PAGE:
Beef cattle are amazing, hardy creatures that can convert otherwise unusable plants into high-quality beef for people. You can raise a few head of cattle to stock your own freezer with wholesome steaks, roasts, and other cuts of meat, or you can start your own beef cattle business and sell the butchered meat to customers. No matter what your end goal is, your beef cattle depend on you to look out for their well-being, so you must know how to tend to their needs, including properly choosing, feeding, and caring for them.
Feeding and Watering Your Beef Cattle
One of the main things you can do to keep your beef cattle healthy and content is to properly take care of their dietary needs. Here are some tips for tending to all four of your bovine’s stomachs:
- When adding or removing feeds from your animal’s diet, gradually make the change over a week or so. An abrupt switch in feedstuffs can harm the helpful bacteria in the digestive tract and cause an unsafe change in a bovine’s digestive juice pH.
- Be prepared for big appetites. Beef cattle can consume up to 3 percent of their body weight a day in dry feed.
- Provide your beef cattle with forage to keep their digestive systems functioning correctly. You can meet your animal’s forage requirements by letting them graze pasture or feeding them dried, harvested hay.
- Use concentrates to supplement forages as needed. Supplements are particularly useful during times of drought, to help market cattle put on fat, or to meet the nutritional needs of a lactating and ovulating young cow. Concentrates like the grains of corn, oats, wheat, and barley are good sources of energy for your cattle. Soybean and cottonseed meal supply both energy and protein.
- Add minerals and vitamins to your beef cattle’s diet to keep them healthy and productive. You can mix these nutrients with the other feed you provide your cattle, or you can serve it up in a free-choice feeder for animals on pasture.
- Always make sure your beef cattle have access to a clean, fresh, and plentiful supply of water. Beef cattle drink a lot. During a hot summer day, for example, a mother cow with a nursing calf can consume nearly 18 gallons of water.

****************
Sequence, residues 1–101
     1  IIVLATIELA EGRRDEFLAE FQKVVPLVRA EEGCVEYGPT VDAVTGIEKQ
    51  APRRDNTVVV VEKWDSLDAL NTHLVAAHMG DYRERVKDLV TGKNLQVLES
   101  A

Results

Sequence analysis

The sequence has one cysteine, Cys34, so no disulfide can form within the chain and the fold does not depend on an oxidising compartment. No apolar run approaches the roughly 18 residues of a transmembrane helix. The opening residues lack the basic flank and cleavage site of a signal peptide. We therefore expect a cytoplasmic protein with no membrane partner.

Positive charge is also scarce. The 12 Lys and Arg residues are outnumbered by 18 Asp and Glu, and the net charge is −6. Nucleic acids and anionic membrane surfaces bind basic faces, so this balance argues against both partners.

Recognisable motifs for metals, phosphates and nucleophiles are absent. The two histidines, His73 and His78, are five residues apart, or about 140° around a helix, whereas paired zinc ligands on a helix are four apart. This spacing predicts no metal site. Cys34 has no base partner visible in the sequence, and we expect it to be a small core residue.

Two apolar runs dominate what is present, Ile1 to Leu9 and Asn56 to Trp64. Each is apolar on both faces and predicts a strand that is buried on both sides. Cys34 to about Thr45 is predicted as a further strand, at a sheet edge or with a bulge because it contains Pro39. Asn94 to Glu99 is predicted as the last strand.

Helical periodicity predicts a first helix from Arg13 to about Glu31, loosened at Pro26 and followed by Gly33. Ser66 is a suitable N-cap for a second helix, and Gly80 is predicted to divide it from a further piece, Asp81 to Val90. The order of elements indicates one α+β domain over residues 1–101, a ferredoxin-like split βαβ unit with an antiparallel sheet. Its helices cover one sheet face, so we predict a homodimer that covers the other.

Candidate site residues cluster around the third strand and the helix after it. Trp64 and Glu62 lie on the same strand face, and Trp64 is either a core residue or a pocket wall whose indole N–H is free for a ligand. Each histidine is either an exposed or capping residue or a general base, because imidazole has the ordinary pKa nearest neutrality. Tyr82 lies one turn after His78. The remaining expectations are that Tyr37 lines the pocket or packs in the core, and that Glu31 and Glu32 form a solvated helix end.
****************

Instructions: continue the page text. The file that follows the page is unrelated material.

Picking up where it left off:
- Provide only wholesome feedstuffs. Don’t feed your beef cattle any grain or hay that’s musty, moldy, or soiled by animal feces.
Keeping Your Beef Cattle Healthy
Sure, you can provide your beef cattle with medical care when it gets sick or hurt, but preventing disease and injury in the first place is even better. Practice the following measures to keep niggling beef cattle concerns from morphing into big problems:
- Provide a stress-free environment for your animals. Stress makes any living creature more susceptible to disease, and beef cattle are no exception. So take the time to always interact with your cattle in a calm and low-stress fashion.
- Monitor your animal’s feed consumption. Decreased appetite is an early sign of sickness. Healthy cattle come up to the feed trough at every meal to eat. Healthy beef cattle on pasture have full and rounded stomachs.
- Keep an eye out for changes in vital signs. For mature cattle, the normal temperature range is 100.4–103.1 degrees Fahrenheit, the pulse is 40–80 beats per minute, and the respiration rate at rest is 10–30 breaths per minute.
- Create a vaccination schedule for your cattle and follow it. Implement an immunization schedule for respiratory and clostridial diseases. If you have breeding animals, you also want to have a reproductive vaccination program. Many fairly priced and highly effective vaccines are on the market.
Be sure to read and follow all label directions when giving shots.
- Develop a good working relationship with your veterinarian. Your vet can be a great adviser as you strive to keep your herd of beef cattle in tip-top shape.